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Recommendations and Summaries

The most common business documents written are recommendations and summaries. Use a recommendation when you're asking the reader to take some action or to approve your taking some action. Use the summary to convey information to the people who need it. Both follow a similar framework. For the purposes of this book, we call this framework the "standard memo framework."

The Standard Memo Framework

The standard memo framework consists of the following five sections: the Overview; the Background; either the Recommendation or the Conclusions, depending on whether your memo is a recommendation or a summary; either the Rationale (for a recommendation memo) or the Key Findings (for a summary memo); and the Next Steps. The contents of these sections are:

  • Overview: Two or three sentences that provide a synopsis of the entire memo, including a brief statement that summarizes your conclusions or recommendation.

  • Background: One or two paragraphs describing the business situation relevant to why the recommendation is being made or the conclusion is being given.

  • Recommendation: A brief description of exactly what you want to have happen. This would typically include what needs to be done, what it would cost, and how quickly it could be done.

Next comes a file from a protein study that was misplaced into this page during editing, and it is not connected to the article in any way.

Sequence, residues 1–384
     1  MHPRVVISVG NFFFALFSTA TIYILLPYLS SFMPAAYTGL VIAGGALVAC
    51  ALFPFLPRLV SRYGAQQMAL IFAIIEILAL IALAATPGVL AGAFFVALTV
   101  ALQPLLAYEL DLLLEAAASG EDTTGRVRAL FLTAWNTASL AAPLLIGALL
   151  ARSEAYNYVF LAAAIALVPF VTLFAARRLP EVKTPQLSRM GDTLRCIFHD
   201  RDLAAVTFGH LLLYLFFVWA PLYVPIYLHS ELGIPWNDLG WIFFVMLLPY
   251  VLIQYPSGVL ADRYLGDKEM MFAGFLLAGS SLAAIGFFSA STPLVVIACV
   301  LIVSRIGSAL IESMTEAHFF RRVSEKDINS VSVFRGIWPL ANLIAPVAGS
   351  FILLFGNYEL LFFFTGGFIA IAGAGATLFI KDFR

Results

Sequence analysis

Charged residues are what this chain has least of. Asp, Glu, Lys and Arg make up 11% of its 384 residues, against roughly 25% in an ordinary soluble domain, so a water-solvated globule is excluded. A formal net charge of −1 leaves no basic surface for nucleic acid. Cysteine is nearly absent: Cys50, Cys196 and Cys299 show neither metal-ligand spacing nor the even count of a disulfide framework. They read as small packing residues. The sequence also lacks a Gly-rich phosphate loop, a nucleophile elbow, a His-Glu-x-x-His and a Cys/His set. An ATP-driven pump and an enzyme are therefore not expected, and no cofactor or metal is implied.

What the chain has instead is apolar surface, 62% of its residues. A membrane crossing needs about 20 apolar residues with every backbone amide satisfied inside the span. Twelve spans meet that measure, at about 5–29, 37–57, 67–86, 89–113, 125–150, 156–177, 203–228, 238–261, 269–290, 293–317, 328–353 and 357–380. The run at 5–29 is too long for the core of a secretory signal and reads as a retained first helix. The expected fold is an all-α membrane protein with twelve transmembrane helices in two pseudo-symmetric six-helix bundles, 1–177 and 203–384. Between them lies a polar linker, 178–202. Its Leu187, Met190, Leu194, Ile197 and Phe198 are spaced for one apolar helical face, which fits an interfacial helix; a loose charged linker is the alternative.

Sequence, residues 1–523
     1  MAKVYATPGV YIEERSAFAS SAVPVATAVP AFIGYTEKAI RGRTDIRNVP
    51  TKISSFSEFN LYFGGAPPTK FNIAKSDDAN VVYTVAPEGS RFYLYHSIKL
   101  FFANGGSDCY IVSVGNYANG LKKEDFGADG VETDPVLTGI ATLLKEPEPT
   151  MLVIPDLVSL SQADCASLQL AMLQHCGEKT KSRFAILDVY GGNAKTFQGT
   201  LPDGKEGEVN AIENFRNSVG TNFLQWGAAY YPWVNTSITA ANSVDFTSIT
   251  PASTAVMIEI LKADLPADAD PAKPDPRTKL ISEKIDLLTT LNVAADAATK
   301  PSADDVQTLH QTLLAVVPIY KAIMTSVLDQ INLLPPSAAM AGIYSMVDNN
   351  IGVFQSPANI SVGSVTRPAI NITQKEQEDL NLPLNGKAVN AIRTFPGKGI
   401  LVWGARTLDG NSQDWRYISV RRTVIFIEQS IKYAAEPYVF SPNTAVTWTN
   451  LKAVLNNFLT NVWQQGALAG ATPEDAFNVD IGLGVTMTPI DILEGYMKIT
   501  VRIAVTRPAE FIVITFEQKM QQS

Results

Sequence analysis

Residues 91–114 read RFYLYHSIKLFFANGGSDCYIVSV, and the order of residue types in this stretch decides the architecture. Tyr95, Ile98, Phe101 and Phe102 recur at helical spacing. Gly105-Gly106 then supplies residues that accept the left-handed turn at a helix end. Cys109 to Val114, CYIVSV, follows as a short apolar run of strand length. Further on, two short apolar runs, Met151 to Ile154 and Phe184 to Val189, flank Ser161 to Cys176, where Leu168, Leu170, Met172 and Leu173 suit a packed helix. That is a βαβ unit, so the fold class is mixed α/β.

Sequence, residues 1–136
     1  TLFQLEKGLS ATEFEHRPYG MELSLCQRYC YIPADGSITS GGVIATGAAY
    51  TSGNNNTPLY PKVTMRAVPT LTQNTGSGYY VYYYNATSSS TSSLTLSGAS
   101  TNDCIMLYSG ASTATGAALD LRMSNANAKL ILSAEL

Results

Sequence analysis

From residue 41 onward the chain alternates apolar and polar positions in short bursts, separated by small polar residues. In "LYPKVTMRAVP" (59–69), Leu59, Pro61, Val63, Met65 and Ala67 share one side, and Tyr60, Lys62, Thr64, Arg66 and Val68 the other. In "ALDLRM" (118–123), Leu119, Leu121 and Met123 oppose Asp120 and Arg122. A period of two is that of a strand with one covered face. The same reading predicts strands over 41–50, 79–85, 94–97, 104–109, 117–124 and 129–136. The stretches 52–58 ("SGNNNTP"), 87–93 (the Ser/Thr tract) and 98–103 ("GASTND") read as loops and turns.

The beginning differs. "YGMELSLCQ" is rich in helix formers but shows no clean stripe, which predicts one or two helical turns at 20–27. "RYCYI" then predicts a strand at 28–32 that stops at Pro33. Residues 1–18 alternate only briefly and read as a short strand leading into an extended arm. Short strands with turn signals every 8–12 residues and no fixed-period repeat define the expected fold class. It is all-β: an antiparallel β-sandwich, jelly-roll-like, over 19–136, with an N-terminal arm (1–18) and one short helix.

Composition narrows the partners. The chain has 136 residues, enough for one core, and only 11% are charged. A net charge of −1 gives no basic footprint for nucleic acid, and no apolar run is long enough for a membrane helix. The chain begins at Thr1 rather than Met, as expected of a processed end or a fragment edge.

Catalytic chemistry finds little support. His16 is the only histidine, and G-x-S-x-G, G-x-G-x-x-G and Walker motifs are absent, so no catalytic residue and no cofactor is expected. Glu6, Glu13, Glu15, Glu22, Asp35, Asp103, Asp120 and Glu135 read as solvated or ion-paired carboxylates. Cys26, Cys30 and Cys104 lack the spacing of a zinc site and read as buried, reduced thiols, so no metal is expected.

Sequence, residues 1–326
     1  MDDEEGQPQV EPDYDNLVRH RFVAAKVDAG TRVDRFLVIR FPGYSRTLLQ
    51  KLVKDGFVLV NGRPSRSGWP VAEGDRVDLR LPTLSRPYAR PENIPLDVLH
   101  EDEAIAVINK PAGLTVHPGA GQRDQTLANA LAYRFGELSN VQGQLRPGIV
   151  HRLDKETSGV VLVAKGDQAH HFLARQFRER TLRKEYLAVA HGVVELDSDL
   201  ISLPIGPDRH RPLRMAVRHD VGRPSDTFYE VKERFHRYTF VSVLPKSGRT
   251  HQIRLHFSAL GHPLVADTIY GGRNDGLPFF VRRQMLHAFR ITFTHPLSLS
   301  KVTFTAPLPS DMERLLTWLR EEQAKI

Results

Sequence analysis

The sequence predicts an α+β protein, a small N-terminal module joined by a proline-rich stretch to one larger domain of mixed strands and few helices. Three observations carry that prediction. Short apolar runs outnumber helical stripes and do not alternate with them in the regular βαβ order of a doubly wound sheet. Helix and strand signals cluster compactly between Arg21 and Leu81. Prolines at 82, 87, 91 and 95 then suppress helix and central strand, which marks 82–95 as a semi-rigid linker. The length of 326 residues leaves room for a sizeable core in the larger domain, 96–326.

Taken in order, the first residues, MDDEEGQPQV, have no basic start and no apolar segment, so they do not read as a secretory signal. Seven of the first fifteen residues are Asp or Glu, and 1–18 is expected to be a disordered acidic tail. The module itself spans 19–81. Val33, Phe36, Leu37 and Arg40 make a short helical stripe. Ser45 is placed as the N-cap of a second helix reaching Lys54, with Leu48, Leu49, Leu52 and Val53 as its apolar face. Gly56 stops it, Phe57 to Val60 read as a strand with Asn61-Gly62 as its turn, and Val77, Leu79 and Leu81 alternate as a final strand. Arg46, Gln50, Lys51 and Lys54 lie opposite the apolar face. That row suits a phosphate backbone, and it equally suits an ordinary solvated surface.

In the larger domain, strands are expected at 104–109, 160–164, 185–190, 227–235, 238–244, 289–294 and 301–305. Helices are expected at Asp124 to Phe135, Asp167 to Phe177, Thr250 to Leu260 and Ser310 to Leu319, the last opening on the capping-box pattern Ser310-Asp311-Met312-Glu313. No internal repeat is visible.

• Conclusion: A brief description of your interpretation of a business analysis, research analysis, or other information analysis.

  • Rationale: Three to five paragraphs, each of which provides a reason for the reader to agree to your recommendation, and the support needed to back up each reason.

  • Key Findings: A list of facts obtained from business analysis, research analysis, or other information analysis.

  • Next Steps: What needs to be done, by whom, and by what date.

The Standard Memo Framework in Action

To better understand how you can use the framework to create an effective business recommendation, consider the following recommendation memo (we'll take a look at a summary memo in Lesson 4, "The Opening Is the 'Bottom Line'").

To: General Manager

From: Brand Manager

Subject: Acme Shampoo Sampling National Expansion Recommendation


This requests management agreement to execute a broad-based sampling program during the second year of Acme's national expansion. The key element of this program is mailing sample-size product to 20 percent of U.S. households in late June of this year, followed by a 25¢ coupon insert in newspapers to 50 percent of U.S. households in mid-July to secure follow-up consumer purchase and retail support. No incremental budget dollars are needed for this program.


Acme entered the test market two years ago using a sample mailing to 30 percent of market households to gain initial trial of the product, followed by a coupon insert to 60 percent of households. After the initial sample and coupon drops, Acme share remained relatively stable. Acme expanded nationally one year later using the same sample and coupon effort. Year-one national results are in line with year-one test market results.

In year two of the test market, shipments and share increased 26 percent and 22 percent respectively, following a second wave of samples and coupons. Year two of the national expansion begins next month.


The purpose of the recommended national sampling initiative is to broaden Acme trial and purchase. We will accomplish this by mailing samples to an additional 20 percent of national households, bringing the total Acme sampling effort to 30 percent of U.S. households over 18 months.